This is one of 280 summaries describing key outputs from the projects run by DFID's 10-year Renewable Natural Resources Research Strategy (RNRRS) programmes.
Summary for Project title: R8099: Participatory plant breeding in rice and maize in eastern India.
Blackgram and horsegram are important for poor indigenous farmers in eastern and western India. But they are largely ignored by officialdom. Even though there are recommended varieties, farmers can't get seed. So they grow poor varieties that are prone to mildew and other diseases. Better varieties of horsegram have a huge potential for intercropping with maize in western India and rice in eastern India in the rainy season. They could provide additional food and fodder at little or no extra cost. But farmers can only abandon old varieties by saving seed of new varieties themselves. Others would also grow the better grams if they could get seed. Although there is major potential for grams to improve food and incomes, the only way to get seed at the moment is through a few schemes and NGOs.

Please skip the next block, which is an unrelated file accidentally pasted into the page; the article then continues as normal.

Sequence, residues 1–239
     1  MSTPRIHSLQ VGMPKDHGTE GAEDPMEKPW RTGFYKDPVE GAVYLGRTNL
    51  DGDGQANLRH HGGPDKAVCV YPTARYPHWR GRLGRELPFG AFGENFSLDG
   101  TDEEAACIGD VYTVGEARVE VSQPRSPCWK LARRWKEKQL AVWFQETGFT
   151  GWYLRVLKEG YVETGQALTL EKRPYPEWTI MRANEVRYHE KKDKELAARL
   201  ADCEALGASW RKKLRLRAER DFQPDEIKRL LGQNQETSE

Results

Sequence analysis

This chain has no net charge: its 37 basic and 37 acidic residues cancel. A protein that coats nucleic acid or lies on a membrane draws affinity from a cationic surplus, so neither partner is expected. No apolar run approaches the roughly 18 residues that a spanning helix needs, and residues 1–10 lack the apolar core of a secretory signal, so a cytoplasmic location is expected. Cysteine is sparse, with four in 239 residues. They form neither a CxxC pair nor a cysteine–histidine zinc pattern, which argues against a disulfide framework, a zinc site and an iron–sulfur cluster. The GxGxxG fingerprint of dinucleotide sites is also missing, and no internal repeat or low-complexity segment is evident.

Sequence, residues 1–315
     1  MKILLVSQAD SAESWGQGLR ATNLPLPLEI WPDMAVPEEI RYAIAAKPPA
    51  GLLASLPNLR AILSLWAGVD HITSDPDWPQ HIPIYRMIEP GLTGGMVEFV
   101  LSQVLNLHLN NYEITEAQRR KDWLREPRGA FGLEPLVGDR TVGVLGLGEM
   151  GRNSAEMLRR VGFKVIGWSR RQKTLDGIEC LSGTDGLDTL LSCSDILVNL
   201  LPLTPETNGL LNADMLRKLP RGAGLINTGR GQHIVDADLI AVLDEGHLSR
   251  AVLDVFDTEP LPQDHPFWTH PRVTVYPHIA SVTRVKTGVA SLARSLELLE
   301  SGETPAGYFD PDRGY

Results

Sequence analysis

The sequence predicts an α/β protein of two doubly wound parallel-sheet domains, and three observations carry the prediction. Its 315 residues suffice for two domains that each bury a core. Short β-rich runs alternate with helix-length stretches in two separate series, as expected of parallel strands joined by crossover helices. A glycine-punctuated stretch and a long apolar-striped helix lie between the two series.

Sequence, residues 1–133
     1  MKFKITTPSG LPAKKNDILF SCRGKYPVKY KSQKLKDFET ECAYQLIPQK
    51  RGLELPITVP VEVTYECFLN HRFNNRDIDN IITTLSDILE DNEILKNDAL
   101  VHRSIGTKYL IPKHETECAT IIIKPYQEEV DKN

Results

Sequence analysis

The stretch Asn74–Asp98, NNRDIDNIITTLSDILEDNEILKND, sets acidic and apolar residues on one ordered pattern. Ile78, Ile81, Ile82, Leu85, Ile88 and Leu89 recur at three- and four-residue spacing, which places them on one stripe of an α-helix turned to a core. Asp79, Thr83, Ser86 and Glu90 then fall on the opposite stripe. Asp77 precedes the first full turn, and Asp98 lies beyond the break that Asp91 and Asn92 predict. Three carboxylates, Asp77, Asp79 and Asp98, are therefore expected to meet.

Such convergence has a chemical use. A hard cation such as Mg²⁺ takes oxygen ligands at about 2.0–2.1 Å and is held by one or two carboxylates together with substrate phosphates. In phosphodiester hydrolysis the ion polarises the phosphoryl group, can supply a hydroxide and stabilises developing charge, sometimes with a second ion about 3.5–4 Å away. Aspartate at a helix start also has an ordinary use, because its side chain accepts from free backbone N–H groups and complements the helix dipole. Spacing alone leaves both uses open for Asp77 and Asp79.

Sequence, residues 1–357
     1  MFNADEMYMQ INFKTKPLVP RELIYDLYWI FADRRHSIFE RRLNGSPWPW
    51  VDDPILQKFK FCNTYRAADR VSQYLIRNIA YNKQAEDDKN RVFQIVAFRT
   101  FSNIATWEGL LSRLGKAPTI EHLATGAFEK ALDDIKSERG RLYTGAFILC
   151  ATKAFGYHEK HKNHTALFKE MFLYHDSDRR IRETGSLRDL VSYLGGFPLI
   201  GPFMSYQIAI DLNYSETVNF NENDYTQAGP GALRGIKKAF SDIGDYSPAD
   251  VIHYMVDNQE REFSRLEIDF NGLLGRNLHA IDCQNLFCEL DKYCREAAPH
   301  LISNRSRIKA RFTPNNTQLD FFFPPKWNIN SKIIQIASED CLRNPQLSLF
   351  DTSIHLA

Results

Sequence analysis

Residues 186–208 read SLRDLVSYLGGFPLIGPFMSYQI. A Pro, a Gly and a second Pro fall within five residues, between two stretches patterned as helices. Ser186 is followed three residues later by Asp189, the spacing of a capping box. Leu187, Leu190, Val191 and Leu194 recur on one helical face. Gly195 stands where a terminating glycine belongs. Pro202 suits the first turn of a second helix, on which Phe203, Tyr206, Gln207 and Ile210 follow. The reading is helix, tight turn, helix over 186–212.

The CD has the following information for this output: Description, Validation, Current Situation, Current Promotion, Impacts On Poverty, Environmental Impact, Annex. Attached PDF (17 pp.) taken from the CD.
PSP08, New technologies, new processes, new policies: tried-and-tested and ready-to-use results from DFID-funded research, Research Into Use Programme, Aylesford, Kent, UK, ISBN 978-0-9552595-6-2, p 19.